In light of these special needs, the Pennsylvania Supreme Court is dedicated to the unwavering goal of elder justice in our Commonwealth. Almost a decade ago, in April 2013, our Supreme Court established a multidisciplinary Elder Law Task Force to address issues involving guardianships, elder abuse, and access to
I was privileged to chair the Task Force, and along with former State Court Administrator Zygmont Pines, I had the opportunity to work with a “blue-ribbon” panel of 36 experts in all areas of elder law to bring together the diverse and critical perspectives of the myriad stakeholders in the aging network. Each of them provided invaluable insight into the preparation of proposed approaches and solutions to the challenges faced by our Commonwealth in addressing the growing needs of our elderly population. Remarkably, we were able to undertake this mission with a task force composed of 100 percent of volunteers.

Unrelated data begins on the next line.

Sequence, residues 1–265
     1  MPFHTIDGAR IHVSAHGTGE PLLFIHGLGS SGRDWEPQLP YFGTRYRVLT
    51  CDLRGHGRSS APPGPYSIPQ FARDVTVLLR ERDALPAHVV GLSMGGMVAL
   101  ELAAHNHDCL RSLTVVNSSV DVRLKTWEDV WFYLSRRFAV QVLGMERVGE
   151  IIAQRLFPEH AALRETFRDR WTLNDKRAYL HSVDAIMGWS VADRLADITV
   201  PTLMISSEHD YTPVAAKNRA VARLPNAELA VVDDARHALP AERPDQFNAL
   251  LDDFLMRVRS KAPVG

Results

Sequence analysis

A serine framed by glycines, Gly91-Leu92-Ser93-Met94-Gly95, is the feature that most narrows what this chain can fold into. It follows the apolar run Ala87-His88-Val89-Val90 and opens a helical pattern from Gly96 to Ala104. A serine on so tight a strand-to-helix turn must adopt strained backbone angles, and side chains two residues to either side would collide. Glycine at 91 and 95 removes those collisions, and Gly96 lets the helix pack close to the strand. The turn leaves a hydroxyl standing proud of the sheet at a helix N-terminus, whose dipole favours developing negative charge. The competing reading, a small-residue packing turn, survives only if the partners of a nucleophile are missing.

The Task Force focused on how courts could address the particular concerns regarding elders and also be proactive in addressing the impact of the growing population of elders on the Commonwealth’s court system. More specifically, the Task Force’s charge was to review current problems and approaches, examine promising practices in other states, and deliver a blueprint of recommendations to address the needs and challenges of the Commonwealth’s aging population.
It was the Task Force’s collective hope that the recommendations offered would serve as model practices and inspire leaders in government and our communities to be both advocates and instruments of reform in service to our elders.